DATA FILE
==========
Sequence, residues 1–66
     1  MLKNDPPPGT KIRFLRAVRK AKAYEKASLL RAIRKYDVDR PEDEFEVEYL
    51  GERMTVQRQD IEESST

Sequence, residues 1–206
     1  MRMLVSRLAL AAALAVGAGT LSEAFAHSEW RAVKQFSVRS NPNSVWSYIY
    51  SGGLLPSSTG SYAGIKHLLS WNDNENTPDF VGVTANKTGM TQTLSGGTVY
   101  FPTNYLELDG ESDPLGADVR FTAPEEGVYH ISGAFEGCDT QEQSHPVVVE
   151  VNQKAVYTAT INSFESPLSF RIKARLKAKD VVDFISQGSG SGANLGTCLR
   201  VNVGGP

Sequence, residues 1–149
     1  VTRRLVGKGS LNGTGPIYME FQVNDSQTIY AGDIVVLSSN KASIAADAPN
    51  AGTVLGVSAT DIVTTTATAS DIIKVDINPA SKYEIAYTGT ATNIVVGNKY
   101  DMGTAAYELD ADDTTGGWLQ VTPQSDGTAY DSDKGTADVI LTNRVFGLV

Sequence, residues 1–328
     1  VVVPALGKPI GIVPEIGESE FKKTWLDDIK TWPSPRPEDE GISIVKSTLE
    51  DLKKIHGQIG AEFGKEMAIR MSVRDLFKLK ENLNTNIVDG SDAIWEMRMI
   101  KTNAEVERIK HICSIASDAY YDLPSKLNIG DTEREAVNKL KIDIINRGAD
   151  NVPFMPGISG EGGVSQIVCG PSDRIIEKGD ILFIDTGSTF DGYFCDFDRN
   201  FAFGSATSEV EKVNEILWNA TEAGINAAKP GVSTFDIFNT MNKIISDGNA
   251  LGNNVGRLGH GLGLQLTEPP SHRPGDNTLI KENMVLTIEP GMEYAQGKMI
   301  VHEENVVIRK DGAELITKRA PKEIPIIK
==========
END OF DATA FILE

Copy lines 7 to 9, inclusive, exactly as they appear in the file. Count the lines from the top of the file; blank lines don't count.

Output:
   101  FPTNYLELDG ESDPLGADVR FTAPEEGVYH ISGAFEGCDT QEQSHPVVVE
   151  VNQKAVYTAT INSFESPLSF RIKARLKAKD VVDFISQGSG SGANLGTCLR
   201  VNVGGP